What you are calling Hearts and Flowers is probably Aptenia, a waxy leafed succulent with small red or purplish red flowers that have flower petals that are spiky. The most common is a variety called ‘Red Apple’ with bright red flowers.

It originates from South Africa in regions with summer rains and sandy soils. This type of climate and soil is less extreme than our Mojave Desert. This is the reason our soils must be amended with a good quality compost at the time of planting if this plant is going to look good.

Good soil drainage is a must. This plant is native to the hot climate of South Africa provided there are summer rains and sandy soils. This means this plant must be planted in soils with good drainage if it will survive. Again, soil improvement is a must.

There is an iceplant also called Hearts and Flowers but Aptenia is more commonly planted here. In our climate, Aptenia takes full sun with amended soils but may look better if planted in full sun with shade or filtered light in the late afternoon under some circumstances.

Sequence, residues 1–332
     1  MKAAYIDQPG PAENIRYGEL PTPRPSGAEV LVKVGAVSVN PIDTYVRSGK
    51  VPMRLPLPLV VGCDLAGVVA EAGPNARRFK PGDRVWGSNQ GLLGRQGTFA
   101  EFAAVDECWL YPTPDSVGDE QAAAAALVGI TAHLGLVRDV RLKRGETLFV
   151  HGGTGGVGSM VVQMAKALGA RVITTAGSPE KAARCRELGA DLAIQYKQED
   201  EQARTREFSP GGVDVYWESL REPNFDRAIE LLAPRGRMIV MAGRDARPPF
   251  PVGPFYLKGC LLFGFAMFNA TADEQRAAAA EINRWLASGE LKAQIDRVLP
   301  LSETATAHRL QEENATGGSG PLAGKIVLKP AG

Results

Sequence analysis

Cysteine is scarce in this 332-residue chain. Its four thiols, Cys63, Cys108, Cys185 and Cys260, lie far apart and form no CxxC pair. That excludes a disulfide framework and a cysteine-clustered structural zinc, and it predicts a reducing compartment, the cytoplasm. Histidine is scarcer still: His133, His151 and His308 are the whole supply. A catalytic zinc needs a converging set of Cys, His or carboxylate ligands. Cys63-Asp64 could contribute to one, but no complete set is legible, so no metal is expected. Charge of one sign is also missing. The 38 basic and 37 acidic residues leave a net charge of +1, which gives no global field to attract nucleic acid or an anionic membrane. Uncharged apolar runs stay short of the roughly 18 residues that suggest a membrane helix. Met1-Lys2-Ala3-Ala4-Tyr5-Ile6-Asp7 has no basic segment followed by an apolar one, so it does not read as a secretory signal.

Improving the soil at planting time is a must. Yes, it is a succulent and it will do well in rock gardens but remember Las Vegas soils are an anomaly. Soil improvement is critical compared to other parts of the desert Southwest and even other parts of the Mojave Desert.

Yellowing can be caused from a lack of nitrogen so make sure fertilizers are applied at least quarterly. Use a light application of Miracle Gro or similar product and apply an iron fertilizer at the time of planting just in case the yellowing is due from a lack of iron.